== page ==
As Dean I am often asked to
explain the importance of the College of the Environment in simple, accessible
language to the public—the proverbial “elevator speech.” In my first year as
Dean I often described the size and scope of the College. And, in truth, it’s
impressive: the biggest college of the environment in the United States, with
$115 million in externally-funded research taking place on all seven continents
and in each of the world’s oceans. While this message had a general “Go
Huskies!” appeal, it did not lend itself to deeper dialogue. At worst it made
people’s eyes glaze over.
Climate Impacts Group partners with Swinomish
Tribe to reduce climate effects
The Swinomish Indian Tribal Community was
recognized at the 2014 National Congress of American Indians’ annual meeting in
Atlanta for their remarkable efforts to address climate change impacts on
tribal lands. The UW Climate Impacts Group was a key partner in helping secure
the recognition, which was given by the Honoring Nations Program from Harvard
University’s Project on American Indian Economic Development.
What’s going on with Pacific Coast sea stars?
Much has been written about
disappearing and disintegrating sea stars along the US West Coast over the past
year, where the Pacific Northwest and Puget Sound have been hit
especially hard. Scientists at the College of the Environment and many who do research at the
Friday Harbor Laboratories have started finding answers as to what is happening.
Global warming impacts methane hydrate off the coast of Washington
Scientists have long thought that global warming could impact frozen layers of methane hydrate found in the seafloor with potentially wide-ranging environmental effects. UW scientists and partners have recently shown that four decades of sea water warming off the Washington coast may be having an effect, actually melting the upper part of the continental slope sediment's methane hydrate reservoir. Oceanography undergraduate and co-author Una Miller has played a pivotal role in bringing together a unique interdisciplinary team of UW scientists and partners to tackle this problem.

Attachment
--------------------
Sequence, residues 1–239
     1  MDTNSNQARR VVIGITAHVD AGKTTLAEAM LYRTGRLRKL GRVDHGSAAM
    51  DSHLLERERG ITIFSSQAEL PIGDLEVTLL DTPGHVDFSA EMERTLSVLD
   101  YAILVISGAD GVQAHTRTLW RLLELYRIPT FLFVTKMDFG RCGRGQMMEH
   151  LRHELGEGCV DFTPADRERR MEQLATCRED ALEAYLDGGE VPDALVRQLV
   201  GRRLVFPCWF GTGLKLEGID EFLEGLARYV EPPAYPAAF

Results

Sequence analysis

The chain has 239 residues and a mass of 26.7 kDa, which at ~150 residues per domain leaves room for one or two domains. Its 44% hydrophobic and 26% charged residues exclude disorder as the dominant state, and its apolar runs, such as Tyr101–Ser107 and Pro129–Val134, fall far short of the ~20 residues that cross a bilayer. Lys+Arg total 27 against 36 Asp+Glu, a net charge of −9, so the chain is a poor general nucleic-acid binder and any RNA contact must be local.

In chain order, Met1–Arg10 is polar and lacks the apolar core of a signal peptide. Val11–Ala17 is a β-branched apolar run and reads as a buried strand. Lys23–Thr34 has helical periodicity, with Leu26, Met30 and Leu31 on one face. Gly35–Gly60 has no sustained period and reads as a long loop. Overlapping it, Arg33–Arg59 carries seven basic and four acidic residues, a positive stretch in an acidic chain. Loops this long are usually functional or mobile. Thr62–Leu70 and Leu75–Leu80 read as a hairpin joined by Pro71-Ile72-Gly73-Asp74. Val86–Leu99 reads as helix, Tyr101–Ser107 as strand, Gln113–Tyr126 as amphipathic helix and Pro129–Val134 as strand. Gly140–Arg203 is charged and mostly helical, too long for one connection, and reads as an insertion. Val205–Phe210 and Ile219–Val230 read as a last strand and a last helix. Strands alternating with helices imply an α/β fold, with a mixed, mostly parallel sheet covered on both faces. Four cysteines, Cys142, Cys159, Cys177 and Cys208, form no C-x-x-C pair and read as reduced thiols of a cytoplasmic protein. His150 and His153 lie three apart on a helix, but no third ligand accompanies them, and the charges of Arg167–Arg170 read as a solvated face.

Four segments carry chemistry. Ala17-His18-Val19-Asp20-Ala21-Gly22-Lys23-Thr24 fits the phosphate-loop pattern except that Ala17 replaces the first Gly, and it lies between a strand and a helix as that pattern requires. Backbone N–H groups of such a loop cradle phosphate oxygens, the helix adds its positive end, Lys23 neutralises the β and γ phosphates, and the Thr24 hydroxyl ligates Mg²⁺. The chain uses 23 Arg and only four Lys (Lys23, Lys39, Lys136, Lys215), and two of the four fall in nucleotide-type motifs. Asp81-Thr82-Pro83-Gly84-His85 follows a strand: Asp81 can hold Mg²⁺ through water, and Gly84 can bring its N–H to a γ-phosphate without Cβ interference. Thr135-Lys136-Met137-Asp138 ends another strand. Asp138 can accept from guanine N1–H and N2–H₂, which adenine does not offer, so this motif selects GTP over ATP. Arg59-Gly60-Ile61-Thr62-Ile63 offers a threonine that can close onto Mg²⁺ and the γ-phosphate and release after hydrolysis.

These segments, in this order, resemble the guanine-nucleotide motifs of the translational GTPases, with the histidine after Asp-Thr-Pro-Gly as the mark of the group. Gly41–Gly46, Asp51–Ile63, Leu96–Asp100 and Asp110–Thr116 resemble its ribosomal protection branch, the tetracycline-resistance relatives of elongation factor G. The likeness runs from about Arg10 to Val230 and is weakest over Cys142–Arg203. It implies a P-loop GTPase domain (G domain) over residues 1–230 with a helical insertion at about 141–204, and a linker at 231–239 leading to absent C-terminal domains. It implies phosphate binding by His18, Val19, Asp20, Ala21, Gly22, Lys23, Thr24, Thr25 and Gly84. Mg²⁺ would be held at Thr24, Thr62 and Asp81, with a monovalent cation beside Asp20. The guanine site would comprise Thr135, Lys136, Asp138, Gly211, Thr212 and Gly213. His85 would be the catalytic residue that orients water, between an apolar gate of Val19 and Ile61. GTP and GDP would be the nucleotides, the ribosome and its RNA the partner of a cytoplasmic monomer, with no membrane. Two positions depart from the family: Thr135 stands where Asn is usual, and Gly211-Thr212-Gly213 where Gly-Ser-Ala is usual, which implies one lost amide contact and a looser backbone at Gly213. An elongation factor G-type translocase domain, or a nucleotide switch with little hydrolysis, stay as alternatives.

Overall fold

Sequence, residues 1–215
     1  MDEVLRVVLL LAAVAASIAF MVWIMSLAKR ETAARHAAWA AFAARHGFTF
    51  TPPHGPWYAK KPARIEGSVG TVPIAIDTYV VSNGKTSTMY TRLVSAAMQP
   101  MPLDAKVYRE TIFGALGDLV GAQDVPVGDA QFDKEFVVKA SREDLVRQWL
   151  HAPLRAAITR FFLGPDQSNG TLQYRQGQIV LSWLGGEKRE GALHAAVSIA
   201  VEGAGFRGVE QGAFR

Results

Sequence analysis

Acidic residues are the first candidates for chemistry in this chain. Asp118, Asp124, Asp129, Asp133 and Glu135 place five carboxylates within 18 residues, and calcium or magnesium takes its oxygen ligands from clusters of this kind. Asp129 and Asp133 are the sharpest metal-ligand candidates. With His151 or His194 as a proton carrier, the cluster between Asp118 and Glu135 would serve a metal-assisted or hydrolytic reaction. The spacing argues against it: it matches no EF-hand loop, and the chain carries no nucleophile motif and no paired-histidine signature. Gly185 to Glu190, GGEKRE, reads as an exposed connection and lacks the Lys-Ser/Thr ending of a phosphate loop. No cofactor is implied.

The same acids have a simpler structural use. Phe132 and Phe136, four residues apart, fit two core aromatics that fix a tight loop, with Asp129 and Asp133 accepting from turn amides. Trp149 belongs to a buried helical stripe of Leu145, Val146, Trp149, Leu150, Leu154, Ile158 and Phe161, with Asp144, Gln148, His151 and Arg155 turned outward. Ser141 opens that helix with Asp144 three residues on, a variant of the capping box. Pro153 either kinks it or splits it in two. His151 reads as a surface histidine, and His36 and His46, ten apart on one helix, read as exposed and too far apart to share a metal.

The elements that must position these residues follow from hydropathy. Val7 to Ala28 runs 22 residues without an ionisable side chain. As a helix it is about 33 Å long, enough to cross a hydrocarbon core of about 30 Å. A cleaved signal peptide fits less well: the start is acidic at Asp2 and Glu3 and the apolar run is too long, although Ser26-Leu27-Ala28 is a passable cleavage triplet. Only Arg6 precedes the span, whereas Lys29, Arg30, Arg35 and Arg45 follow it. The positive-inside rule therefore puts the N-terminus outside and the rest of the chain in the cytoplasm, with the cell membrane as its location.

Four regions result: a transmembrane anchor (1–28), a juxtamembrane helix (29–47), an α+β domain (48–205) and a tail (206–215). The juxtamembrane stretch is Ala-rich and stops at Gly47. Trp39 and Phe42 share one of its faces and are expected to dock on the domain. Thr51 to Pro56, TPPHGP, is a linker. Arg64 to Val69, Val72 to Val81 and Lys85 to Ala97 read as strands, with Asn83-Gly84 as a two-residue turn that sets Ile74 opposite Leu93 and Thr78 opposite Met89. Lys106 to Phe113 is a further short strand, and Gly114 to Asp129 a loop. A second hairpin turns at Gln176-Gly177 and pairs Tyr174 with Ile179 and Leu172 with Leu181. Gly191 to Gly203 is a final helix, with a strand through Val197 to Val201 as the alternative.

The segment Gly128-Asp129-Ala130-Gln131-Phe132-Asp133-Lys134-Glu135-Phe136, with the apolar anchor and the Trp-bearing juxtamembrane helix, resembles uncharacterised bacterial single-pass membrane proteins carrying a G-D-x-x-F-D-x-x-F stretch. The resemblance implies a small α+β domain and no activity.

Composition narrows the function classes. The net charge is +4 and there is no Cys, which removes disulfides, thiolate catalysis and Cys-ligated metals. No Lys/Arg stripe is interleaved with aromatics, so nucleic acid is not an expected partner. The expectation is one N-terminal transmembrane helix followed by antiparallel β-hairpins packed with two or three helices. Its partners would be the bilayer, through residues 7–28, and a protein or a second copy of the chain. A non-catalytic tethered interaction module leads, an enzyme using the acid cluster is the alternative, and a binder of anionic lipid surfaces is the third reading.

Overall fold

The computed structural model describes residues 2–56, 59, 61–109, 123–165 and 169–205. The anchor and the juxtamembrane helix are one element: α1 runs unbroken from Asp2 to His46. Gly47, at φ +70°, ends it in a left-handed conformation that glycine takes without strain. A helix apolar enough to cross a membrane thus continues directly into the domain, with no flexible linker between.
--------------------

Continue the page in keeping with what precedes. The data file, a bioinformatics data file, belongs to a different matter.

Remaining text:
Arboretum Loop Trail about to break ground
The long awaited Arboretum Loop
Trail is about to begin construction, and is designed to provide access to seldom-visited
areas of the park. It will also offer new pathways to connect various areas in
the park, and much of the newly accessible sites will be spruced up with news
plants and the removal of invasive species.
Awards & Acknowledgements
Congratulations to College
of the Environment graduate students who were recently awarded a Marc Hershman or
John A. Knauss Marine Policy Fellowship.
Fellows are placed in host offices at the state or federal level for an
exciting year working on ocean and coastal science, as well as marine resource
to the numerous faculty in the Department of Earth and Space Sciences who have recently
been recognized for outstanding contributions to their field, including
Fang-Zhen Teng (Mineralogical Society of America Award), Darrel Cowan
(Geological Society of America, Structural Geology and Tectonics Division,
Career Contribution Award), David Montgomery (National Association of
Geoscience Teachers James H. Shea Award), and Eric Cheney (Geological Society